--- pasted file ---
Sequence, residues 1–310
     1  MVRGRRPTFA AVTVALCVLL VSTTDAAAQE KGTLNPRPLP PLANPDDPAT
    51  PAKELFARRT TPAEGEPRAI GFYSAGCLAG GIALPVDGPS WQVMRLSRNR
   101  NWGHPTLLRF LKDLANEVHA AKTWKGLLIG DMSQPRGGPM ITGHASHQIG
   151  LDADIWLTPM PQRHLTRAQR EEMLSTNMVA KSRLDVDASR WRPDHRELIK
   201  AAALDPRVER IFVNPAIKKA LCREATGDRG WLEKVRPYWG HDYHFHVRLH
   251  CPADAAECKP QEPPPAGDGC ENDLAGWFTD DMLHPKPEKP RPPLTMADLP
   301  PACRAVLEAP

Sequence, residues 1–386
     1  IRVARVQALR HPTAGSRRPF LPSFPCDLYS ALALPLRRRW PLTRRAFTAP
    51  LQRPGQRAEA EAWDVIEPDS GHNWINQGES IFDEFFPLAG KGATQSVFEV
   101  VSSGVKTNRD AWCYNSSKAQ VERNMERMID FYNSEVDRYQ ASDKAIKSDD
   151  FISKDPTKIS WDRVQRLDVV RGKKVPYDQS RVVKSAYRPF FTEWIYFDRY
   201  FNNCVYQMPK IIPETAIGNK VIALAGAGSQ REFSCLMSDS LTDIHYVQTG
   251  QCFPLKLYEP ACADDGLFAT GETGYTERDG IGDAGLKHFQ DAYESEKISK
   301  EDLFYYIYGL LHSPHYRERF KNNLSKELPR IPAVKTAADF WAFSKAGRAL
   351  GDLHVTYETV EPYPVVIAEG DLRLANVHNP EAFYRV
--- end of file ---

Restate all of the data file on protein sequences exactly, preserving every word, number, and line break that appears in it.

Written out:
Sequence, residues 1–310
     1  MVRGRRPTFA AVTVALCVLL VSTTDAAAQE KGTLNPRPLP PLANPDDPAT
    51  PAKELFARRT TPAEGEPRAI GFYSAGCLAG GIALPVDGPS WQVMRLSRNR
   101  NWGHPTLLRF LKDLANEVHA AKTWKGLLIG DMSQPRGGPM ITGHASHQIG
   151  LDADIWLTPM PQRHLTRAQR EEMLSTNMVA KSRLDVDASR WRPDHRELIK
   201  AAALDPRVER IFVNPAIKKA LCREATGDRG WLEKVRPYWG HDYHFHVRLH
   251  CPADAAECKP QEPPPAGDGC ENDLAGWFTD DMLHPKPEKP RPPLTMADLP
   301  PACRAVLEAP

Sequence, residues 1–386
     1  IRVARVQALR HPTAGSRRPF LPSFPCDLYS ALALPLRRRW PLTRRAFTAP
    51  LQRPGQRAEA EAWDVIEPDS GHNWINQGES IFDEFFPLAG KGATQSVFEV
   101  VSSGVKTNRD AWCYNSSKAQ VERNMERMID FYNSEVDRYQ ASDKAIKSDD
   151  FISKDPTKIS WDRVQRLDVV RGKKVPYDQS RVVKSAYRPF FTEWIYFDRY
   201  FNNCVYQMPK IIPETAIGNK VIALAGAGSQ REFSCLMSDS LTDIHYVQTG
   251  QCFPLKLYEP ACADDGLFAT GETGYTERDG IGDAGLKHFQ DAYESEKISK
   301  EDLFYYIYGL LHSPHYRERF KNNLSKELPR IPAVKTAADF WAFSKAGRAL
   351  GDLHVTYETV EPYPVVIAEG DLRLANVHNP EAFYRV